One of the most distinctive singer/songwriters in American jazz, Mose Allison, returns to town this week for what should be one helluva show. Now 71 years old, the master seems to be getting only better with age. His brand new album, Gimcracks and Gewgaws (Blue Note), stands up to anything in his impressive catalog. In addition to "MJA Jr." (a humorous little ditty about confusion regarding his name) and the beautifully melancholy "Numbers on Paper," the album also features "Old Man Blues," a sequel to his "Young Man Blues," made famous when The Who covered it on their seminal Live at Leeds LP.

Allison has also been covered by artists as diverse as Johnny Winter, the Kingston Trio, and The Clash, not to mention the Allison tribute album released by Van Morrison and Georgie Fame a couple of years ago.

Come see this living American legend on Friday, December 4, at the Berger Performing Arts Center, 1200 W. Speedway. Tickets are $12 in advance, available by calling 1-800-638-4253; or $15 at the box office on the day of the show.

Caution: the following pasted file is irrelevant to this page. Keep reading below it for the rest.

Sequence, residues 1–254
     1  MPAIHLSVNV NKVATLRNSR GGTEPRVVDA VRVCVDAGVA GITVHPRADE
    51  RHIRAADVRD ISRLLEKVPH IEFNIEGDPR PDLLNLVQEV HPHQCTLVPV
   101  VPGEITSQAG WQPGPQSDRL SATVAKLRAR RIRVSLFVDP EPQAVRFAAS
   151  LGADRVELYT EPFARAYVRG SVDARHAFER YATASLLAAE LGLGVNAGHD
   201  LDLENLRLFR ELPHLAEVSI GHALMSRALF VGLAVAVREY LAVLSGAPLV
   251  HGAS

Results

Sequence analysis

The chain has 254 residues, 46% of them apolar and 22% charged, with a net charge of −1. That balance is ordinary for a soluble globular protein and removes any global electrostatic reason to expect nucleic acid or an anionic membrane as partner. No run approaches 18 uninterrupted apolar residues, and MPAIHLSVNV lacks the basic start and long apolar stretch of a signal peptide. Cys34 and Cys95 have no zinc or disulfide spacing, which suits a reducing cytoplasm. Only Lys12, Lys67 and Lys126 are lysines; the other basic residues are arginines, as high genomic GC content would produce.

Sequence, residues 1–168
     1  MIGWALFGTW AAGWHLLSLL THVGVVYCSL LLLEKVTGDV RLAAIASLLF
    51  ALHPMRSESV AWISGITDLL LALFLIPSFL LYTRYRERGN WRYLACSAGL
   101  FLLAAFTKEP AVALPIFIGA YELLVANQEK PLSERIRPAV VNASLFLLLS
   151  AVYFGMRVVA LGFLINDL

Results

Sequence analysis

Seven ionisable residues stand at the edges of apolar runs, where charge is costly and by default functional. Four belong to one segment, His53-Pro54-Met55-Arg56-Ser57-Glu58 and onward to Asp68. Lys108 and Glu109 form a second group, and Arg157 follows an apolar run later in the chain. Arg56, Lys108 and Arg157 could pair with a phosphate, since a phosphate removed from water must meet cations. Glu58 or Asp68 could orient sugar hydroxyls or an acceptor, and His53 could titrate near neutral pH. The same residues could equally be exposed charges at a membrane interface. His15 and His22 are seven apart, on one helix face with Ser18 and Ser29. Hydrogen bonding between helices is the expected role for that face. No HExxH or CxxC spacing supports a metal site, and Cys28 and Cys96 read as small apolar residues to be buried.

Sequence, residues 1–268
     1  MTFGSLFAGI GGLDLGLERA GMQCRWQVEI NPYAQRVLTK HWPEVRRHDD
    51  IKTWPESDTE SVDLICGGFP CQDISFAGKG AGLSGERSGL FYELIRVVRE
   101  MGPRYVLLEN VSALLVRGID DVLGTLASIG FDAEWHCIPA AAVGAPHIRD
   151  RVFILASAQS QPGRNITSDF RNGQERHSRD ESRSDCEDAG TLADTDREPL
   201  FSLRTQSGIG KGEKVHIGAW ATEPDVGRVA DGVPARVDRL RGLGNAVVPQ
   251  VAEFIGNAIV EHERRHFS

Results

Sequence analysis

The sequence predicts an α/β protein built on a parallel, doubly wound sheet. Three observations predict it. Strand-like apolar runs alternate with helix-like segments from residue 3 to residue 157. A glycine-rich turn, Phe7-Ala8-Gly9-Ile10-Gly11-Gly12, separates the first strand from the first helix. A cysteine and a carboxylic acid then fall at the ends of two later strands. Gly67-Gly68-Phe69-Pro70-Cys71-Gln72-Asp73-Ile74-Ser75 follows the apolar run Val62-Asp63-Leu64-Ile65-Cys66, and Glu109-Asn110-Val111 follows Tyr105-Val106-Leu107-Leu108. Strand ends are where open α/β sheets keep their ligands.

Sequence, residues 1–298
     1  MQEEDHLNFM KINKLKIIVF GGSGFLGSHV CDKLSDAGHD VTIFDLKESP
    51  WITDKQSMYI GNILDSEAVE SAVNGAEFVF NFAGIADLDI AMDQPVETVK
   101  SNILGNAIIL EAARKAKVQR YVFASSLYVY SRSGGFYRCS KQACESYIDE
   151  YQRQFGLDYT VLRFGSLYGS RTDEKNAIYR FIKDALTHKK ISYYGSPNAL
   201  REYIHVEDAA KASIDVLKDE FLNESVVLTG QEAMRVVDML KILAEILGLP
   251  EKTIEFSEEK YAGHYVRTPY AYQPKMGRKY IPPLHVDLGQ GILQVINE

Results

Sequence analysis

If heavy-hitting instrumental power trios are your bag, you won't want to miss the triple bill of Richmond, VA's, Stinking Lizaveta; San Diego's Last of the Juanitas; and Tucson's own Before Christ Frequently Modulated (BCFM), whose entire bio reads as follows: "BCFM recently relocated back to Tucson after a religious retreat in the hills of Rangoon, Burma, where they fine-tuned their sense of spirituality at the sacred Temple of Punani." Hmmm.

Last of the Juanitas sold out their previous two Tucson gigs, but insisted on opening for Stinking Lizaveta, reportedly to protect themselves from getting blown off the stage. Should be a fine show, indeed. It all goes down at 9:30 p.m. Friday, December 4, at Nimbus Brewery, 3850 E. 44th St. Cover is $3, and you can call 745-9175 for details.

And finally, fresh off their appearance at the Tucson Blues Festival, highly acclaimed husband-and-wife R&B/blues duo Janiva Magness and Jeff Turmes (who also played with the James Harman Band for six years), will be returning to town as part of the Boondocks' Sunday Blues & BBQ series at 6 p.m. on December 6. For ticket and dinner show information, call the lounge at 690-0991. Boondocks Lounge is located at 3360 N. First Ave. TW